October 18, 2011

Lab of Ornithology Receives $3.45M To Study Migration

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Cornell’s Lab of Ornithology received a total of $3.45 million from two separate sources to fund research in migratory patterns of birds, elephants and whales, according to a University press release on Oct. 13.

The funds came from a $1.25 million donation by the Kenneth L. Harder Trust and a $2.2 million grant provided by the National Science Foundation.

“Cornell is very important in the ornithology world and marine research,” said Paul Allen, a research specialist in the Lab of Ornithology. “It’s one of the leading resource centers.”

According to its website, the Lab of Ornithology provides avian information to companies, such as PETA and Greenpeace, as well as sound effects for Hollywood movies, among other research and educational objectives.

The lab will use the donation from the Harder Trust to expand the Acoustic Monitoring Project, a program that tracks the migratory patterns of birds, elephants and whales. According to Allen, AMP’s project leader, the AMP records specific bird calls and translates the data to predict the location of the flock and its general destination.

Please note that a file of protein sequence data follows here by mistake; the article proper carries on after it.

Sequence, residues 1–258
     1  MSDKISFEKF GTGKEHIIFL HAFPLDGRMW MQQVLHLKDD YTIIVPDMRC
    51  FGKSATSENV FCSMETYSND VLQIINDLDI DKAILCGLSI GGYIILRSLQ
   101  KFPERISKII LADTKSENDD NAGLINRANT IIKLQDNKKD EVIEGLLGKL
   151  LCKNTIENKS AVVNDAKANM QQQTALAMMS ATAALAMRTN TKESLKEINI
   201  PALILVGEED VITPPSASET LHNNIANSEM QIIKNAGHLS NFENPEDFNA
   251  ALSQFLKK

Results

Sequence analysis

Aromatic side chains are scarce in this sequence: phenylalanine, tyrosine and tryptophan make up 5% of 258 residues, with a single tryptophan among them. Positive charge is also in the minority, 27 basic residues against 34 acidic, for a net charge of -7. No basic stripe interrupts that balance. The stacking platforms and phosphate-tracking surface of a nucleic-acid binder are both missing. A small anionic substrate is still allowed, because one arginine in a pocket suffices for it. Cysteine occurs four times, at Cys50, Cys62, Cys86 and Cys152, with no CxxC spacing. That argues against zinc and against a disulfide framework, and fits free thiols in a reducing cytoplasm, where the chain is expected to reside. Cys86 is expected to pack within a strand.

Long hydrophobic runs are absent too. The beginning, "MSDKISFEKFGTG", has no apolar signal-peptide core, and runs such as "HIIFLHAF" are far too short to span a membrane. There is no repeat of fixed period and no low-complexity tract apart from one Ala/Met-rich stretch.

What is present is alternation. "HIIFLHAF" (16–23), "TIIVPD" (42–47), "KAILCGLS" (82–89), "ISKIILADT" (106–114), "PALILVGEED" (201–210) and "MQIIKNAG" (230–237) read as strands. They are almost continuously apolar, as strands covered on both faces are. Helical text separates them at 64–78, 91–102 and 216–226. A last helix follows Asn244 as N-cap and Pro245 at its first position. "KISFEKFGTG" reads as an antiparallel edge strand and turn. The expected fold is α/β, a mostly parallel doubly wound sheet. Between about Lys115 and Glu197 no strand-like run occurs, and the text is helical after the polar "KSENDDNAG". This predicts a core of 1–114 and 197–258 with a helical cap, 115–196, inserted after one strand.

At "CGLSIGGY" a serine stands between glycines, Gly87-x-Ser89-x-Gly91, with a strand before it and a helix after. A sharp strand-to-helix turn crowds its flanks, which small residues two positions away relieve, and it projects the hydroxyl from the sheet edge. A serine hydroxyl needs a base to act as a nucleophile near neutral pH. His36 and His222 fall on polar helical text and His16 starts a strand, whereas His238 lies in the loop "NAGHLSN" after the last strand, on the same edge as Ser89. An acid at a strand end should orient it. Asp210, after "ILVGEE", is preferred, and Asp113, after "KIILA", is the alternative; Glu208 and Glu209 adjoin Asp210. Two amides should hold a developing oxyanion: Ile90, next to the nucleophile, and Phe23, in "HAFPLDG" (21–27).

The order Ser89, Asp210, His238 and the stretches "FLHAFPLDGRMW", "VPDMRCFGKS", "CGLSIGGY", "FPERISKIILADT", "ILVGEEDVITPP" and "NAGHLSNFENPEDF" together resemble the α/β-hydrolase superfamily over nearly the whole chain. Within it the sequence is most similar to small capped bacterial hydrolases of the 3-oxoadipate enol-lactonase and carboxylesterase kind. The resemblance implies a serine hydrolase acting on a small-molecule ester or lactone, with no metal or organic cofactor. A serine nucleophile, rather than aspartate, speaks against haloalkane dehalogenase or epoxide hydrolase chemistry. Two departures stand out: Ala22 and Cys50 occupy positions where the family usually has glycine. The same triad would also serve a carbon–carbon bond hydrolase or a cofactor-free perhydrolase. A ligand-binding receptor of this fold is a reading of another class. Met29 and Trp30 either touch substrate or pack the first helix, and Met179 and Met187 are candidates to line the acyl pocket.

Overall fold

Because the AMP is not limited to bird research, the grant will also further development in marine research, Allen said, specifically in whale communication and the effect of human population development.

“We want to know if whales are impacted by the presence of humans, and we want to reduce their endangerment.” Allen said.

The recent donations may increase the Lab of Ornithology’s already wide influence in the field of animal research. Allen said he hopes that the grant will “expand the capabilities [of the lab], so we can reach out to more agencies and offer our services.”

The gift was made possible by the family of Kenneth Harder, a birder and supporter of the lab of Ornithology.

The $2.2 million from the National Science Foundation will help sustain BirdCast, a migration forecast program. BirdCast predicts national migrations of different species through a combination of audio, weather and sightings, according to the Lab of Ornithology’s website.

BirdCast focuses on the Mid-Atlantic region of the U.S. and is a joint project with the Environmental Protection Agency, The National Audubon Society, Clemson’s Radar Ornithology Library and The Academy of Natural Science, as well as Cornell’s Lab of Ornithology.

BirdCast encourages the participation of civilian bird-watchers to verify radar images that Cornell’s Lab of Ornithology provides. According to the BirdCast website, bird-watchers are encouraged to report birding information to “ground-truth” radar images through BirdSource, an interactive database developed and maintained by National Audubon and the Cornell Lab of Ornithology.

Original Author: Kevin Milian